American Idioms

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One of the reasons English is so difficult to learn is because it is a language full of idioms. An idiom is a combination of words that has a figurative meaning separate from the actual definitions of the words used. There are an estimated 25,000 idioms in the English language.

Here in Britain, the influence of the American film and television industry has led to many so-called ‘Americanisms’ being adopted into day-to-day language. It is not uncommon for a Brit to metaphorically talk about ‘touching base’ or ‘striking out’ without ever actually having seen a ball game. Today, to end our month dedicated to American language, we’re going to take a look at a couple of idioms that originate from across the pond. For non-native English speakers, we’ll begin with a brief definition of the idiom and follow up with a look into its origins.

Barking up the wrong tree

If you’re ‘barking up the wrong tree’ it means that you’re making a false assumption or mistake – that you have completely misunderstood something.

The phrase alludes to hunting dogs barking at the bottom of the trees that they misguidedly believe their prey are hiding in, perhaps because they’ve mistaken the correct tree for a different one in the darkness or because they haven’t realised that the animal being chased has leapt into a different tree.

According to The Phrase Finder, the earliest known printed use of the phrase was in 1832 by James Kirke Paulding in Westward Ho!.

"Here he made a note in his book, and I begun to smoke him for one of those fellows that drive a sort of a trade of making books about old Kentuck and the western country: so I thought I'd set him barking up the wrong tree a little, and I told him some stories that were enough to set the Mississippi a-fire; but he put them all down in his book."

In this context, the narrator is misleading someone by setting him ‘barking up the wrong tree a little’. After this, the phrase was used in several newspapers throughout the 1830s.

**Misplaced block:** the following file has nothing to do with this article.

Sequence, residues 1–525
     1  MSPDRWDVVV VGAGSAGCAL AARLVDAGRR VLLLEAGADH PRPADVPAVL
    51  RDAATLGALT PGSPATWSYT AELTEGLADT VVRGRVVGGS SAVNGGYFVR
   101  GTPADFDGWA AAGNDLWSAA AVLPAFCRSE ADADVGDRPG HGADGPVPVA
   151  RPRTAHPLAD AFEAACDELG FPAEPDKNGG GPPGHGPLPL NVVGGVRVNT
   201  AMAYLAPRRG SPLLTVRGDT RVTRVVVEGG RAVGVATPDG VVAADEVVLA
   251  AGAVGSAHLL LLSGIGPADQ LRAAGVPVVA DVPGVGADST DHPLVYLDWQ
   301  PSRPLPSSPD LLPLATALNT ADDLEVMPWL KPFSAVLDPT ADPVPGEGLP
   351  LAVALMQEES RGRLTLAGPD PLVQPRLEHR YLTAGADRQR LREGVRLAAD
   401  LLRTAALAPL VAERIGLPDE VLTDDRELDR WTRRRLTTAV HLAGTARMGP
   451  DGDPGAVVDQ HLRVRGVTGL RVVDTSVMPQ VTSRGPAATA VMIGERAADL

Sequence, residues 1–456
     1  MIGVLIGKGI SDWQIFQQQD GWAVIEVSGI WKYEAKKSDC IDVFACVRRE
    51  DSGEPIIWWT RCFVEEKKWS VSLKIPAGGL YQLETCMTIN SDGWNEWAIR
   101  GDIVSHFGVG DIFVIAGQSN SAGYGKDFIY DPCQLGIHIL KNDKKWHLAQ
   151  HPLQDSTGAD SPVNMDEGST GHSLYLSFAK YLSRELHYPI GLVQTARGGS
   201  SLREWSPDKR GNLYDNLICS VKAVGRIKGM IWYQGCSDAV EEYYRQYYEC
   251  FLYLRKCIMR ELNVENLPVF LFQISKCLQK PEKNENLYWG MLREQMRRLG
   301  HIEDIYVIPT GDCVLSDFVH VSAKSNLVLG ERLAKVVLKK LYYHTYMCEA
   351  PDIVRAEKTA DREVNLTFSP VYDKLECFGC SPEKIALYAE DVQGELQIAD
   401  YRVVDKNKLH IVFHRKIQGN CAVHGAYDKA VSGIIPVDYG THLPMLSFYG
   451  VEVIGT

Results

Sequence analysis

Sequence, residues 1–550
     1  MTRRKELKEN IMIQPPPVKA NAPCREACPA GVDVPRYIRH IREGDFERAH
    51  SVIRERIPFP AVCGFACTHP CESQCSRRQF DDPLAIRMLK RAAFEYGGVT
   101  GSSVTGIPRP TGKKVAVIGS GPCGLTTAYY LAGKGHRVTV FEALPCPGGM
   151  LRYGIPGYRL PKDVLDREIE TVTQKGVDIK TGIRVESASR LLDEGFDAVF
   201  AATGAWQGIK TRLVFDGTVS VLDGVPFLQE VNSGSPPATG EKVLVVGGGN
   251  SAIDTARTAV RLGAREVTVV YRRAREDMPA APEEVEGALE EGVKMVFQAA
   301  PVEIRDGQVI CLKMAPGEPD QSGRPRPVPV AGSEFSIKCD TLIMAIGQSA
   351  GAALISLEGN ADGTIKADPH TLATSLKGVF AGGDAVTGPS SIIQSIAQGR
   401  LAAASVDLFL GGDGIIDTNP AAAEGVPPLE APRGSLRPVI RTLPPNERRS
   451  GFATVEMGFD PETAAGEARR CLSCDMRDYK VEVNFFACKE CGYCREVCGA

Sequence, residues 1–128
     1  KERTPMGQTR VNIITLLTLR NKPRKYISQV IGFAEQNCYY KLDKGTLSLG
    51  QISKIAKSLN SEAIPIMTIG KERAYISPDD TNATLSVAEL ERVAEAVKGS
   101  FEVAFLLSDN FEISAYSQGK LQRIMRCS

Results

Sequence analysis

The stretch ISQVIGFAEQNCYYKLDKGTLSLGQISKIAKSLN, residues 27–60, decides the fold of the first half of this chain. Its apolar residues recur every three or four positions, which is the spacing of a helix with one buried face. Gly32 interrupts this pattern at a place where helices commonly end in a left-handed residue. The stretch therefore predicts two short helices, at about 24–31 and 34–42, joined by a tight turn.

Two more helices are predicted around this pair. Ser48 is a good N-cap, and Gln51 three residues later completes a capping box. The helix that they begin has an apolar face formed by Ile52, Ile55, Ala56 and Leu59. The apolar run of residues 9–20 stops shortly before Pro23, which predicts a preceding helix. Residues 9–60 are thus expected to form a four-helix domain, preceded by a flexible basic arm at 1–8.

Jumping on the bandwagon

If you ‘jump on the bandwagon’ it means that you are joining a growing movement just as it is seen to be becoming successful. Another phrase with a similar meaning is ‘following the crowd’.

‘Bandwagon’ was first used in the USA in the mid 19th century to describe the brightly decorated wagon that carried a circus band. The Phrase Finder explains how, by parading these wagons through the town, circuses were able to attract and excite large audiences of followers from the general public, and by the late 19th century, politicians began to use bandwagons when campaigning for office in the hope of attracting large crowds to their ideals.

In 1899, Theodore Roosevelt outright referred to the figurative practice of ‘jumping the bandwagon’ in his Letters:

"When I once became sure of one majority they tumbled over each other to get aboard the band wagon.”

So what do you think? Could you have guessed where these two idioms originated from? If you are interested in looking at more idioms that originate in America, you can find a full list here.

Are you a second-language English speaker? Which English idioms do you find the most unusual? We’d also love to hear some idioms from any other languages you may speak. Get it touch – we’ll share the best on Facebook and Twitter!

22 Jul 2013
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